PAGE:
Woodcut of witches making an oath (fantasy)

Society’s Skewed Mirror & Divinely Approved Workers
Around the 15th Century (as evidenced by grimoires dating from this time), we see the rise of interest in alchemy – particularly among wealthy, upper-class men.  Reaching back to King Solomon and utilizing Jewish mysticism, they claimed divine inspiration and sought to distinguish themselves from folkloric magic or Witchcraft.  You know, the practices of poor people (and mainly women) that could easily get you punished or killed if you upset the wrong person. High or white magic belonged to the realm of God, while low or black magic must surely be from the devil.

Prior to this particular age of Christianity with its heaven/hell dichotomy, if you look at mythology all over the world, you will find that those that worked magic in general were both feared and respected.  Why?  Because society recognized that the Witch could equally harm as well as heal.  They could break a curse, and they could help you get back at the person who cursed you. The stories of Circe, Medea, Baba Yaga, Cerridwen, Coyote, Anansi, and the Djinn all show this ability to exercise both malevolent and benevolent workings – to name just a few!

As we know from extensive research, what folks call “the Burning Times” wasn’t so much about killing actual Witches, as it was about social dynamics.  Witchcraft became the scapegoat of those looking to achieve economic gain, exercise spiritual control, remove undesirables, re-target blame, and retaliation. Sure, the local healer might have saved your life last winter with her medicine, but since she turned down your unwanted sexual advances last week and your cow died (from old age), surely it’s black magic! But alchemy, as practiced by rich white dudes who donate to get whole churches built – it’s the work of angels! God-given, clergy-approved!

Photo by Tikkho Maciel on Unsplash

So here’s where we really start to see the cultural separation of what is sanctioned and unsanctioned magic.  If it’s done by wealthy, scholarly people (and largely men) who are in the good graces of the Church or rulers – it’s good/white magic.  If you’re poor, female, unpopular, foreign, under-educated, then it’s probably bad/black magic. And whether that will be the end of you depends on how your society feels about you and your actions on a given day.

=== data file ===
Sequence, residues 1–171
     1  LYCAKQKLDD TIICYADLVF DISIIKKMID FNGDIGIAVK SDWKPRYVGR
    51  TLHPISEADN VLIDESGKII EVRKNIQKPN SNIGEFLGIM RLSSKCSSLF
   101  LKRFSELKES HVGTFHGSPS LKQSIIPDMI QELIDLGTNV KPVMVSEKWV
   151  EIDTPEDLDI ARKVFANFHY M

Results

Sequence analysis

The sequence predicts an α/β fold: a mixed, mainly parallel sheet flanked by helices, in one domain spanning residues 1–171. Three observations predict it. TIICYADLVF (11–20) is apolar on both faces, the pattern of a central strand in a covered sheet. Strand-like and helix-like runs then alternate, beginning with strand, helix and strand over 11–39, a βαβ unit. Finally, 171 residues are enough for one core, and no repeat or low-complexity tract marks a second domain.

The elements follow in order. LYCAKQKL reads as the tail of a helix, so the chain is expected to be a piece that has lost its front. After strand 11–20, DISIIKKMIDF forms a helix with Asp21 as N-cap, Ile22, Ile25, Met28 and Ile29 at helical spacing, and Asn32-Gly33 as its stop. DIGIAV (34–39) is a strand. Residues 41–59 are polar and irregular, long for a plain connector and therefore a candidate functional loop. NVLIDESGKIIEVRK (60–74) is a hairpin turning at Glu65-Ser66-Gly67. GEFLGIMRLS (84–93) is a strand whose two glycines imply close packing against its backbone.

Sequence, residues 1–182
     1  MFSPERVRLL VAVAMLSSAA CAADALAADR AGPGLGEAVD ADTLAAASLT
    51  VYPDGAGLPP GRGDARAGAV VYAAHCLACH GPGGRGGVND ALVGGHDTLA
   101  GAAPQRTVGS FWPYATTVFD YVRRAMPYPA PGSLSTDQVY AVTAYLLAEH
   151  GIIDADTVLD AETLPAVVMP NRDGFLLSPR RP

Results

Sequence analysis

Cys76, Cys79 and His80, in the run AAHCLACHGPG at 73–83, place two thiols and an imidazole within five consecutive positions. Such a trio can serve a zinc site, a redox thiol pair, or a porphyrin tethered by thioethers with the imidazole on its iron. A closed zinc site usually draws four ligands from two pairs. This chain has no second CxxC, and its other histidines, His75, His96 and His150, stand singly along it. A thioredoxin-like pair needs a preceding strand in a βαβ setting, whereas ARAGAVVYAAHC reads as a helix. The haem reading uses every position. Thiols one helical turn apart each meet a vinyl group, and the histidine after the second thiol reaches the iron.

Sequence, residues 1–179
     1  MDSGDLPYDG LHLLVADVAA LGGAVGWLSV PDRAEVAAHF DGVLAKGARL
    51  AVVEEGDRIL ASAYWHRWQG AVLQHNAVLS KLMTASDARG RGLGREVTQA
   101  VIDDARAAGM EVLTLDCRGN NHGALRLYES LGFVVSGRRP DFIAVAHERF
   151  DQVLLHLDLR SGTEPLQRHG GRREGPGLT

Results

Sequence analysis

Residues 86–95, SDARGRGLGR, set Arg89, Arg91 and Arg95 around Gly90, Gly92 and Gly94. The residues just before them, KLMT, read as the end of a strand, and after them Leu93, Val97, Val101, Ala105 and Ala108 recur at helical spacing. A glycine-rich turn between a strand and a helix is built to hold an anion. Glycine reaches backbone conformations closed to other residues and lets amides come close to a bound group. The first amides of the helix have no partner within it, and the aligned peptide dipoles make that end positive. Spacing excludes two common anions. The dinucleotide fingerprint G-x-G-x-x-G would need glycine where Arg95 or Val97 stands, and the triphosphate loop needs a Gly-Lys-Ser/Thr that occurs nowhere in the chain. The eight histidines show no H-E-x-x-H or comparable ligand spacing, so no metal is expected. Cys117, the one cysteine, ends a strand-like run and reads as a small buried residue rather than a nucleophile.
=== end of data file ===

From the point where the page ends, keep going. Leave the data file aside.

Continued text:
Enter the Racial Undertones 
As Christianity invaded the rest of the world as a cover for stealing land and resources, it was common practice to forbid and outlaw the native/indigenous practices of the “colonized” people and those forced into slavery.  From Tituba of the infamous Salem Witch Trials to Obeah laws in Jamaica, black skin was synonymous with black magic = something evil. If it called upon non-Christian deities, if it involved animals and charms, and especially if it was done by people of color, it was definitely NOT associated with “good” magic.  Moving further along we see a rise in racial-focused tension and othering in the 19th century – ranging from the American Civil War to unrest in the British Empire, following through past World War II and the Civil Rights movement.

Haitian Woman – Photo by Bill Hamway on Unsplash

Fine Lines & Fictional Fodder
Whether conscious of these tensions and biases or not, much of the literature of the 19th and 20th century reflects this black/bad and good/white association. We are always a product of our times. In both their fiction and non-fiction, we see many of the prominent minds of Spiritualism, modern magical societies, and similar mystical movements seeking to separate out themselves as doing good/white/light/divinely-approved work. They did not want to be confused with anything evil/dark/black/devil-worshiping.

There is the interesting example of Jamaican author Herbert George de Lisser’s 1929 popular novel The White Witch of Rosehall.  It tells the legend of Annee Palmer, a woman of Irish and English descent who was raised by a Haitian nanny after her parents died from yellow fellow.  She supposedly learned witchcraft and voodoo from her nanny, and used it to tragic ends. Now here white refers to Annee’s skin color, not that she was doing “white magic.”  The emphasis and blame is placed squarely on the magic of her Haitian nanny. Again, black magic = evil.

Post WWII and the Civil Rights Era – in both Europe and America, we see a definitive rise in “White Witches” as a means to disassociate Witchcraft from anything bad/negative to improve its public image.  “Oh, my granny was a white witch” was a commonplace expression to say that granny did healing, maybe used herbs, and had other superstitions she practiced – but she was a good Christian lady! I think there’s a lot of grannies who would be greatly surprised by being called witches by their progeny.